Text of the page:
Liverpool embrace chaos to complete astonishing comeback
“Fail in the most beautiful way,” Jurgen Klopp told his players, in what may be remembered as football management’s most effective piece of reverse psychology. Liverpool would not fail beautifully. It would be mad, bad, brilliant, tempestuous - ugly, sometimes - but they would succeed.
The first came early enough - with Divock Origi pouncing on Marc-Andre ter Stegen’s parry - and a frantic quarter-of-an-hour followed. It was the type of frenzied 15 minutes which did for Manchester City and Roma last year. Barcelona survived them.
And when a tiring home side went back down the tunnel at half time, Ernesto Valverde’s side seemed to have seen off the worst. Without Mohamed Salah to break in behind, without Roberto Firmino linking the play, Liverpool would not come again. Would they?
That was the logical conclusion at the break but under Klopp, Liverpool defy logic. Liverpool are chaos. What other word could describe the two-minute period when substitute Georginio Wijnaldum eradicated Barcelona’s first-leg lead, one goal immediately following the other?
How else do summarise the quick Trent Alexander-Arnold corner that allowed that caught out Barcelona’s defence, allowing Origi to score the goal which takes them back to the Champions League final for the second consecutive season? This team, once again, defies logic and belief.
Origi the hero once more
It was not supposed to be this close without Salah and Firmino to help make up the ground lost at the Nou Camp. “Two of the world’s best strikers are not available,” Klopp conceded on Monday.
But in their place came someone who was close to leaving the club last summer. Instead, he is now close to being remembered as one of the best big-game, big-moment players in its history.
Where would Liverpool be without Origi’s goals over the past few days? The answer is quite simple: without a hope in the Premier League title race and out of the Champions League. Their season would be over.
It would be wrong to boil this night down to one player. This, as ever with Klopp, was a triumph of a system. But you need someone to take the chances that system creates, to be alive on the quick corner.
Against all expectation, Origi has been that man.
Liverpool make it scrappy
What is it about scrawny Scottish full-backs that so annoys the best players in the world? Last year’s Champions League had Neymar refusing to shake hands with Celtic’s Anthony Ralston after the defender had grinned manically in the face.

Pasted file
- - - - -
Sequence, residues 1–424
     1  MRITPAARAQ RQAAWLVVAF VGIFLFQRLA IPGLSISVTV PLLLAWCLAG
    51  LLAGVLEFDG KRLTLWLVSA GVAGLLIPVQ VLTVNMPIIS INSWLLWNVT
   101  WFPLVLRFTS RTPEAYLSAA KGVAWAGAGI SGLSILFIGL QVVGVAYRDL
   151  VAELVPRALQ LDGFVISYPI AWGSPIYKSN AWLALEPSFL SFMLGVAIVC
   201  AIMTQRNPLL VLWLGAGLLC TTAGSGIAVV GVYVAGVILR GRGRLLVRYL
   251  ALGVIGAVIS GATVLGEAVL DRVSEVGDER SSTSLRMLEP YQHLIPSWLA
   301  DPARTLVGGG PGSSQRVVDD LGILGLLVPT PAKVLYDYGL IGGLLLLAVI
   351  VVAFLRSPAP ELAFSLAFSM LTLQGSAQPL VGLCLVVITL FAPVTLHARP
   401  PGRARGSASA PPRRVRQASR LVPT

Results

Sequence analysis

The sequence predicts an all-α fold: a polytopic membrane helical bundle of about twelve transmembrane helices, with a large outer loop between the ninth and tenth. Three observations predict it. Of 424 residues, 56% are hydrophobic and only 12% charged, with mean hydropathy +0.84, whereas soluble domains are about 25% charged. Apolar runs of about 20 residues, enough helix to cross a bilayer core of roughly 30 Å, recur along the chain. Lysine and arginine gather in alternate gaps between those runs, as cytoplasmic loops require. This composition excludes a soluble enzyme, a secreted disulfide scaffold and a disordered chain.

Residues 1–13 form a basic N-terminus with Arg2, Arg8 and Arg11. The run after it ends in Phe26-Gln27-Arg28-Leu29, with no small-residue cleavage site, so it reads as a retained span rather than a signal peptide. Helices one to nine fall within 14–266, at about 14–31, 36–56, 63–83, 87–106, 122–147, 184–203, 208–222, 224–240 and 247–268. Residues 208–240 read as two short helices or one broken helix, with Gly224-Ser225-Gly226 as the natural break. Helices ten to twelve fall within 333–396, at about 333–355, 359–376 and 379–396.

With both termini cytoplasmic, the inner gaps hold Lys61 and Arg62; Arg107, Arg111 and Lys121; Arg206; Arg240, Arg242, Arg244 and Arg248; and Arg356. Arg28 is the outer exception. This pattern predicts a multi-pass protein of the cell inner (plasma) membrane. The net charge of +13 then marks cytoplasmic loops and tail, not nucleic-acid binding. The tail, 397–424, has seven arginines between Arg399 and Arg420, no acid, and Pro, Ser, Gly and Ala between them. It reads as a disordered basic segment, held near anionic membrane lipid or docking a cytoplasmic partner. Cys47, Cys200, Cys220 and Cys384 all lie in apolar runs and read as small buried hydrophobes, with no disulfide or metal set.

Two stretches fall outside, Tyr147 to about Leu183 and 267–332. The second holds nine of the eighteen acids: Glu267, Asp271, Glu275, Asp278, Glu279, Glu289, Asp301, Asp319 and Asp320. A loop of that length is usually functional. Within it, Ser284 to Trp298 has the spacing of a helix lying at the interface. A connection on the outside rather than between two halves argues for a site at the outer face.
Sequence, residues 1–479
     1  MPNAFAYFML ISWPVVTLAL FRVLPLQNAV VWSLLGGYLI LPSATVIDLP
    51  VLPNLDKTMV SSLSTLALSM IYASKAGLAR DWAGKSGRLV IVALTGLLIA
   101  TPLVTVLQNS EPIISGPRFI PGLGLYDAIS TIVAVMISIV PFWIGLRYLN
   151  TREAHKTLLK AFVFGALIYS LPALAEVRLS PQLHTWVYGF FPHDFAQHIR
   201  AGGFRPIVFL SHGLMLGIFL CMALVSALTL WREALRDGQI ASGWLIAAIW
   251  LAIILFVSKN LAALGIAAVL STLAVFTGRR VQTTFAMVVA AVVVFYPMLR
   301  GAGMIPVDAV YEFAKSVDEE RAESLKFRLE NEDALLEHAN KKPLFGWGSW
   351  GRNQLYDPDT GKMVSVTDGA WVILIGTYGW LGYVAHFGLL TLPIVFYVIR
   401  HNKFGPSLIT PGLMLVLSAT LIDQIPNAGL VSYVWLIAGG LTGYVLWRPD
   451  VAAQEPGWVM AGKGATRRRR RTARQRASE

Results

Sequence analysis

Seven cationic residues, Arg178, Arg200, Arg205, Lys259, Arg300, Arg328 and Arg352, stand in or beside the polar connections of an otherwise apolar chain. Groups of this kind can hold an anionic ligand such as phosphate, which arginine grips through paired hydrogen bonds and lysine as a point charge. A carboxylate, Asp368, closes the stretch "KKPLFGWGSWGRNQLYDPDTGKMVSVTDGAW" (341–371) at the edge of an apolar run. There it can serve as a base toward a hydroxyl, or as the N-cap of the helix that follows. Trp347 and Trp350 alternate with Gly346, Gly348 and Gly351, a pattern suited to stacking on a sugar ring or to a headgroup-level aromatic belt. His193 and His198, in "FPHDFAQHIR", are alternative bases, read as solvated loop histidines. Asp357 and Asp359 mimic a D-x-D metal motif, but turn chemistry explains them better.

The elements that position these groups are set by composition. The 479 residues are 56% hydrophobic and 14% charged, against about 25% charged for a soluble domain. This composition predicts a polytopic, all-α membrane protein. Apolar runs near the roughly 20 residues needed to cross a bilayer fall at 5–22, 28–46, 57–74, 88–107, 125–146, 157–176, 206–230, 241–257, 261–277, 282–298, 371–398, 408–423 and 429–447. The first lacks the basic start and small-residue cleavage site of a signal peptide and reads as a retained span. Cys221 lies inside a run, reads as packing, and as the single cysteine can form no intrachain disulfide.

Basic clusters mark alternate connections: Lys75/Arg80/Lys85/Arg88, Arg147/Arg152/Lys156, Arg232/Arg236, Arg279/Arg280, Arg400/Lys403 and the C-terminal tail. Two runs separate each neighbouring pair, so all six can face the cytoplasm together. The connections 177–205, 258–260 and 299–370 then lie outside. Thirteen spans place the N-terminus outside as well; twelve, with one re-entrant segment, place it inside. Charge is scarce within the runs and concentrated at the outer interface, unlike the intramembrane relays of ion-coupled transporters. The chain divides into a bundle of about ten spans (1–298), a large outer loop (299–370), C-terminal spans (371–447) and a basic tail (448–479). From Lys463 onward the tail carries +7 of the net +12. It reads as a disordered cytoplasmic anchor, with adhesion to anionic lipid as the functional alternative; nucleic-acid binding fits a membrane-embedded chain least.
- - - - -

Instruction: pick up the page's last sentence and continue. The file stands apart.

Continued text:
Now, we have Andrew Robertson shoving Lionel Messi in the back of the head with both palms as early as the second minute. It was a new take on the old concept of a ‘reducer’ but it did the job, setting the tone for an ill-tempered evening.
Robertson was not the only one. There was Fabinho stealing the dead ball away from Luis Suarez on a Barcelona corner, not long before a forceful challenge on the Uruguayan earned him a yellow card.
Even James Milner was falling theatrically and staying down on the ground after one robust aerial challenge. Liverpool, clearly, wanted to upset and disrupt their opponents. They wanted a dogfight. For long spells, they got one.
Anfield turns on Suarez
The thing with dogfights, though, is that you need the bigger dog. Suarez gives no quarter to any opponent. That much, to anybody who witnessed his three-and-a-half years as a Liverpool player should know that. Anybody who watched the first leg should too.
It was no surprise then when the Uruguayan got took retributive action on Robertson, presumably on Messi’s behalf. A sly kick to ankle off-the-ball, once the Liverpool full-back was already hobbling, helped end Robertson’s night early.
As chants of “cheat, cheat, cheat” and “f*** off Suarez” rang out, some cried hypocrisy on social media. They were right, but that misses the point. Anfield, after all, is not so different from Suarez himself.
It is a ground which often welcomes its former players back with open arms but not when the stakes are as a high as a place in a European Cup final. Suarez and Liverpool worked as a match because the two parties cared equally about one thing: winning.
Barcelona haunted by ghosts of Rome
And while you expect Suarez to engage in such tactics and succumb to the fraught energy of the occasion, Barcelona are supposed to be much more composed than this. They are meant to kill games. Nip counter-attacks and comebacks in the bud.
Granted, Valverde’s side are not as possession-heavy as their predecessors but within this team, there are still players who remember how to retain and recycle the ball, slowly frustrating their opponents.
Sometimes that works, sometimes it does not. What was strange was that Barcelona did not even try. Instead they engaged with Liverpool, going toe-to-toe, searching for the away goal that could, in the eyes of many, decide this tie.
Was that a side-effect of their defeat in Rome last year? Messi, certainly, did not seem to think this tie was over when Ousmane Dembele missed that late chance in the first leg.
Valverde has done remarkably well since taking over at the Nou Camp. His work has gone somewhat underappreciated. But - as with the Stadio Olimpico last year - it is this defeat on which their season will be judged. They have fallen short once more.
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